Photographer: David Paul Morris/Bloomberg
Investment Chill Grips Canada Amid Oil Woes and Trump ThreatsBy and
Capex, FDI languish with firms hitting production constraints
Government opts not to match U.S. tax cuts in its budget
More companies are saying no thanks to investing in Canada.
The world’s 10th largest economy is still grappling with the effects of the oil-price crash as its southern neighbor lures work away with tax cuts and protectionist threats. Canada’s struggle to boost investment in this environment threatens both its maturing expansion, which relies heavily on spending by indebted consumers, and its long-term competitiveness.
“Uncertainty isn’t good for investment and uncertainty is high,” Royal Bank of Canada senior economist Nathan Janzen said by telephone from Toronto. “The concern with business investment is always more what it means for growth this year, the year after that, in terms of potentially slower productivity.”
Energy companies are chopping their budgets even as global oil prices climb back from a crash, and may lose about C$16 billion ($12.4 billion) of revenue this year because of discounts on Alberta’s heavy crude -- a problem blamed on a lack of pipeline space. Foreign direct investment in Canada, meanwhile, has fallen to the lowest since 2010.
Another unknown for investment prospects is how companies are dealing with production constraints. As firms bump up against production capacity at this high point in the economic cycle, you’d expect capital expenditure intentions to be widespread across industries. Yet capex is expected to increase just 0.8 percent even with capacity utilization hitting a 10-year high of 85 percent.
It’s possible companies are increasingly turning to the labor market to address excess demand, which would explain Canada’s string of red-hot jobs reports last year. That preference could further constrain business investment.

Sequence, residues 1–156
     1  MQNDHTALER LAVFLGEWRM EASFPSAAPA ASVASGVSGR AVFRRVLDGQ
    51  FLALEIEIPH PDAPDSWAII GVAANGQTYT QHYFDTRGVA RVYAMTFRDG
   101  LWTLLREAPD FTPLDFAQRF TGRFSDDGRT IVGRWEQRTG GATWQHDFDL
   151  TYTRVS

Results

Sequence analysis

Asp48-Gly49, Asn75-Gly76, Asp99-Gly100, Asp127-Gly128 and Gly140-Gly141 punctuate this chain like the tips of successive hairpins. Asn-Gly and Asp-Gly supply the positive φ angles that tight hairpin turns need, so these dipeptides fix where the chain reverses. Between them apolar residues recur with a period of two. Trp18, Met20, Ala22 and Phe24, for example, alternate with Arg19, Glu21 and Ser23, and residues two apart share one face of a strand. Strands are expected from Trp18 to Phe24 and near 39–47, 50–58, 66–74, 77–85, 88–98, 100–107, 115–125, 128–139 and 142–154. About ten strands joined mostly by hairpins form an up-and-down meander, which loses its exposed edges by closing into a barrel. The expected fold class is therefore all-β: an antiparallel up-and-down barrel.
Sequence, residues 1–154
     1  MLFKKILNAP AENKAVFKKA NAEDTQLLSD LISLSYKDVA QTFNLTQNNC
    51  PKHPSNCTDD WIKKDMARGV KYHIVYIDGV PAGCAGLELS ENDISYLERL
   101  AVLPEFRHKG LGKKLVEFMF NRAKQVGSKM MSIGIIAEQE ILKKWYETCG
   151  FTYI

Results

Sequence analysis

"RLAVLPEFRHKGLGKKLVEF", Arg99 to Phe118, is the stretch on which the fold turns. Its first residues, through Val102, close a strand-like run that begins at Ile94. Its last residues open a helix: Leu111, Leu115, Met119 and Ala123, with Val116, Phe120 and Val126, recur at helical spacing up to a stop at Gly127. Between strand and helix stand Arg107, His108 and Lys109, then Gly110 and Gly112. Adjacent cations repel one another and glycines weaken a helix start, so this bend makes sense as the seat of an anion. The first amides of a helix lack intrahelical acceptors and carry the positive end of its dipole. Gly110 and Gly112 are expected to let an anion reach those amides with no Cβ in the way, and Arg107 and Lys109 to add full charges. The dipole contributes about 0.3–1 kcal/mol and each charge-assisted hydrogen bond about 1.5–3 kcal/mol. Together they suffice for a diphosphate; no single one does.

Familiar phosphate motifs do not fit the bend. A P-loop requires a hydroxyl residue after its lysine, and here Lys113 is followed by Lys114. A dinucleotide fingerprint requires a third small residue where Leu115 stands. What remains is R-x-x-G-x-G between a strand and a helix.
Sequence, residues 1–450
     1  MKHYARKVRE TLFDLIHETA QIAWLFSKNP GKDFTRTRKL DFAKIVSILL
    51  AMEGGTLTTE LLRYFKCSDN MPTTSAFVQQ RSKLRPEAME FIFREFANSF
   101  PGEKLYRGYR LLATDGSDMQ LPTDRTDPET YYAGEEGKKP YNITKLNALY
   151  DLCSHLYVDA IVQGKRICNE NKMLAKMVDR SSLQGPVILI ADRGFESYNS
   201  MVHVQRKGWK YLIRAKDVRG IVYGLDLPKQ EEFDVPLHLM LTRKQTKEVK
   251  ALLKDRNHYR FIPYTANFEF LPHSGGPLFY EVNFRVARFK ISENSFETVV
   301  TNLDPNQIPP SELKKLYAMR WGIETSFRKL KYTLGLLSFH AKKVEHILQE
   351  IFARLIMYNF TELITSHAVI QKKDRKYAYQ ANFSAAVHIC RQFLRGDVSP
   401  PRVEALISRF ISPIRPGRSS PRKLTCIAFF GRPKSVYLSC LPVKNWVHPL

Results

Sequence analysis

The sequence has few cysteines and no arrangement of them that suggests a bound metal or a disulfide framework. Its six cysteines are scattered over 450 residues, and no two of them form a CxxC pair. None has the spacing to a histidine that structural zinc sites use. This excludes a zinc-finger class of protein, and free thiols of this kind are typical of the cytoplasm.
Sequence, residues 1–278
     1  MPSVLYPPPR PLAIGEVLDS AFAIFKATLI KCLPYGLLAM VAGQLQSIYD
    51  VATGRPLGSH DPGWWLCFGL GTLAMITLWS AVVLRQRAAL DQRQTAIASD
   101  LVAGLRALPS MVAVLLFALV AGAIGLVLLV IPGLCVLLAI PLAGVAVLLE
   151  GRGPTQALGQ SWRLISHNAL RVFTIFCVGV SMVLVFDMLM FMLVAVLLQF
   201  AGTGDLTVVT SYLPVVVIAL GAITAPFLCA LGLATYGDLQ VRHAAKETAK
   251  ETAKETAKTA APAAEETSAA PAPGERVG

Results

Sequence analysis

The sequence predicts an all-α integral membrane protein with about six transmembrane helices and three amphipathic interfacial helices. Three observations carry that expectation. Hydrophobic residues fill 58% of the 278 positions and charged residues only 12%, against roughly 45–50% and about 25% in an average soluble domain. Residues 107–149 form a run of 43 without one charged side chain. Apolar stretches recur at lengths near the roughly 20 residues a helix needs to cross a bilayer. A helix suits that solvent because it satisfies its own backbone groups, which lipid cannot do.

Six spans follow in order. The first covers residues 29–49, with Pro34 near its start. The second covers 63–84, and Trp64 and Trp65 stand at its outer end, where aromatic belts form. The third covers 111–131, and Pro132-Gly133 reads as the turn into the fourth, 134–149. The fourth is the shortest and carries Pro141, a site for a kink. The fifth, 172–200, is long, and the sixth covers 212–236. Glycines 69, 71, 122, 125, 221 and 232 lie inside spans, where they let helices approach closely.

Taxes and Trade
Then there’s Donald Trump. The U.S. president has slashed corporate taxes, is threatening to walk away from the North American Free Trade Agreement and plans to impose hefty tariffs on imports of steel and aluminum.
Businesses were pressing the government to address these challenges, but Finance Minister Bill Morneau declined to cut taxes in his budget this week. He did, however, acknowledge the changing trade landscape Thursday, given Canada relies on the U.S. for three-quarters of its exports.
“We do recognize that as a result of the discussions around Nafta, there are some businesses that are concerned about their opportunities to invest,” Morneau said after a post-budget speech in Toronto. “It will be important for us to maintain our focus on Nafta to make sure we have a strong agreement that can work for all three countries.”
Fourth-quarter gross domestic product will be released Friday and most economists say it’s unlikely to show a major jolt to business spending. The Bank of Montreal’s forecast for economic growth of 2.2 percent this year faces some “downside risk” because of investment weakness, according to senior economist Robert Kavcic.
“There isn’t a lot of appetite for net new investment at this point,” Kavcic said by phone Thursday. “I would really point to the impact of the oil shock because that was dramatic -- it has spread out through the Canadian economy.”
— With assistance by Maciej Onoszko